There are over 100 million different viruses live on the Internet. Many of these are only slight variants of each, substantially enough different to try and avoid detection by anti-malware software.
Malware is short for ‘malicious software’ and is software designed with a malicious intent. In total it is estimated there are nearly 100 million different types of malware on the web today and growing rapidly.
Due to the potential for high returns, organised crime is investing heavily in malware production and a malware-based cyber attack is the most common threat smaller businesses will experience at least once in the next 12 months.
The UK Government’s Cyber Essentials scheme provides an excellent broader risk management framework for this threat.
Malicious content can be used:
• To record every keystroke on your keyboard, including bank details and passwords
• To make your computer undertake an action on behalf of the malware’s creator
• To encrypt the files on your computer and demand a ransom fee to get your files back
Malicious software, like all software, is ultimately written by a human being. The author of the software identifies a “vulnerability” in an operating system (e.g. Microsoft Windows) or other common software (e.g. Microsoft Word) and “exploits” the vulnerability.
Opportunities and organised crime are typically after either money or information that can be exchanged for money.
Nationstates are most typically after information, for example trade secrets or information on the activity of corporate firms or other Governments.
A simple metaphor is an open window on a house. Malware is written to detect if a certain window is open, and if so, it climbs through and begins to undertake its primary objective. This is why software updates are so important!
Some vulnerabilities aren’t found until it is too late. By this we mean that a malicious individual has found a vulnerability before the software developer, and begins to exploit the vulnerability before a ‘patch’ (software update) is released. These are often called “zero day” attacks, where are “zero days” to be able to respond – the problem is already underway.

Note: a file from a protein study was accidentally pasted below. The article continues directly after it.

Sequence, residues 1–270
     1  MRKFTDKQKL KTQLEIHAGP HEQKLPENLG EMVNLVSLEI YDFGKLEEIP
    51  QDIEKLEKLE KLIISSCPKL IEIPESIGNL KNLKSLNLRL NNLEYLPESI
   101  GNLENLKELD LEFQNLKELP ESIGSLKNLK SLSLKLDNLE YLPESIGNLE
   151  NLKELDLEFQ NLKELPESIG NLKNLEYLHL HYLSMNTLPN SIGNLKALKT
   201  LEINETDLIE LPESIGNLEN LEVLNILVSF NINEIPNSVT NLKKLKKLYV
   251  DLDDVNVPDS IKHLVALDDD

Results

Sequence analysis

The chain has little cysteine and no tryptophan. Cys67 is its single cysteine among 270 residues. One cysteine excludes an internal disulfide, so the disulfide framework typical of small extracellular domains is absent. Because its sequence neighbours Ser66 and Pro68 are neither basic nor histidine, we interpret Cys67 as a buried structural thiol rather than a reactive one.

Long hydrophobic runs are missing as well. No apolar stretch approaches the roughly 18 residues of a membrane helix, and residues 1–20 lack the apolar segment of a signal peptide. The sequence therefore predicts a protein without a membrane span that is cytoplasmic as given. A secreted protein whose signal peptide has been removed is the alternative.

Malicious software can’t spontaneously appear on a computer. Typically it requires action by the computer user, either by downloading a file from the Internet or via an infect USB drive.
Most malware is spread via the Internet, either as an attachment to an email, or as a download from a website. The first line of defence for all businesses is their staff not downloading or opening a suspect file.
Interestingly, a recent report identified that religious websites are a greater risk for malware than adult websites. The report stated that, firstly religious websites are often poorly secured, and secondly, that the users of such websites are more likely to trust the website due to its subject matter. Adult websites on the other hand are, mostly, legitimate businesses, meaning that security can be of more importance to the firm on behalf of their customer.
It is for the reasons above that a variety of steps need to be taken by a business to reduce the risk of a malware infection. These include:
• Anti-malware software installed, properly configured and up-to-date
• Annual staff awareness training with a focus on malware
• Configuring computers to require user prompts before software can run
• Ensuring computer users are not working on administrator accounts
With staff awareness training lacking, anti-malware software is often our single greatest hope to defend against this risk.
But… if the anti-malware software isn’t installed correctly it can’t do its job. This requires a business to firstly verify the software is installed correctly from day one, and secondly that they verify at regular intervals that the software remains up-to-date and properly configured.
The way that most anti-malware software works is through “signature” recognition. The creator of the anti-malware software finds a new virus in the wild and, metaphorically, ‘takes a photo’ of it. This photo is called a ‘signature’. The anti-malware software developers then push this signature to its software. If your computer sees the signature, it rejects the file, as it knows it is a bad file.
Unfortunately, malware creators known this, too. It means they have to keep creating variations of their software, with different signatures. The more new signatures, the harder it is for the anti-malware software developers to keep up, and the more chance it is that the malware will infect your computer.
It is for this reason that defending a business against malware must be taken seriously, and that a business should not simply rely on anti-malware software alone.
Unfortunately, the only true defence against malware is constant human diligence. If the malware doesn’t reach your computer, it’s unlikely to be able to infect you.
Source: Berea Group.